No it's not. My brother always used to let his dog sleep on the bed with him, and lick his face etc and when he got sick it was really heavy, and he was sick for two years, finally figured out (after thousands of dollars and many tests, treatments etc, he had a Bartonella infection. Look up Bartonella bacteria. Dog saliva carries this bacteria, it can cause serious health issues and people struggle with trying to diagnose and get rid of it for years. Ever heard of Morgellons? That is Bartonella. People love their dogs, but they're just like any animal, they have bacteria and viruses some of which can be transmitted to humans (zoonotic). So just because people can transmit diseases to each other, does that mean people should foolishly disregard how animals can transmit diseases to humans too? The two are mutually exclusive they have nothing to do with each other.

  • 02/20/2016 04:42am

    http://www.cdc.gov/bartonella/veterinarians/index.html

    Dogs may carry Bartonella vinsonii subsp. berkhoffii, Bartonella henselae, and other Bartonella species. Bartonella infection is more likely to cause clinical symptoms in dogs compared to cats. Low seroprevalence in worldwide dog populations suggests that dogs are probably not a natural reservoir for B. vinsonii berkhoffii. It is not yet known whether dogs can transmit infection to humans.

    ^^ That is from the cdc. It sounds like a dog sick with Bartonella is obviously ill and needs vet care as well, so did you get the dog checked by the vet and then find out that is what your brother had? Cats are more likely to bring around bartonella. Kittens actually and usually feral. (To prevent: treat for fleas and don't let your cat go out and fight with other cats. Leaving dogs out since it isn't even proven they transmit the disease, but flea prevention or treatment and not letting your dog fight with stray animals would likely nip it in the bud if it were a concern.)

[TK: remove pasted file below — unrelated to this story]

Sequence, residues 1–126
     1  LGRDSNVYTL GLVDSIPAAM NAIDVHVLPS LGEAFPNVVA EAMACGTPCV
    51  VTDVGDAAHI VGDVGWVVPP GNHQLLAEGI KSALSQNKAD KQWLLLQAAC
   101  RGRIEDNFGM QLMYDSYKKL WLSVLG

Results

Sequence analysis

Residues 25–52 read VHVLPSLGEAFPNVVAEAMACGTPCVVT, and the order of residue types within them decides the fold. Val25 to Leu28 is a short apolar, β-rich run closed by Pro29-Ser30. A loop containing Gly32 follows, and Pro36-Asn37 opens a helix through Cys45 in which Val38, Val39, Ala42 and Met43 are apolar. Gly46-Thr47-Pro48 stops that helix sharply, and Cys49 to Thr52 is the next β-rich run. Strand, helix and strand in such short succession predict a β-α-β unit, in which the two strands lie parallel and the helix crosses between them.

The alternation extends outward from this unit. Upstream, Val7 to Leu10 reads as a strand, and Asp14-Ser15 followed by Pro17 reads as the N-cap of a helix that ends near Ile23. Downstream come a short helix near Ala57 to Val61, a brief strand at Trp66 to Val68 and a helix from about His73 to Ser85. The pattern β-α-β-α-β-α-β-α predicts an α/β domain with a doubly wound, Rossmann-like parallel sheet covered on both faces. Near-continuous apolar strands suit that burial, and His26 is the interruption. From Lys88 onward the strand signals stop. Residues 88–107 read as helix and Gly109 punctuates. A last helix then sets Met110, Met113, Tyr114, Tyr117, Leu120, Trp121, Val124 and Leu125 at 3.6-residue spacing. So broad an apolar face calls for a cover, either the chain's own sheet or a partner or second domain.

If the pet has been examined by a vet and checked over and you keep up with their health (and your own) I think the odds are pretty slim you would get some illness. Now if you let your animal run the countryside or be in contact with animals that do and you don't believe in vet care or animal health or you have unsanitary conditions then the odds would rise considerably. Another thing to consider is hoarders.. they have lots of animals and often in unclean living conditions.. yet most of them seem to live just fine without having horrible illnesses (other than mental).animals don't fare as well but the humans seem to not have out and out diseases they got from the animals. I'm sure there are exceptions, but I mean generally. I don't condone hoarding but you would think if anyone was going to catch some illness from animals it would be in that environment. Most people who have pets take care of them like they do their children or selves. That means medical care, proper food and vitamins, cleanliness and keeping them safe from danger. I'm sure there is a slight chance you will catch something but there's also a chance you will get struck by lightening or win the lotto. If your pet is healthy and has a clean bill of health from a vet then I would worry more about the lightening and buy a few tickets before I worried sleeping with my pet was going to make me sick in a normal household.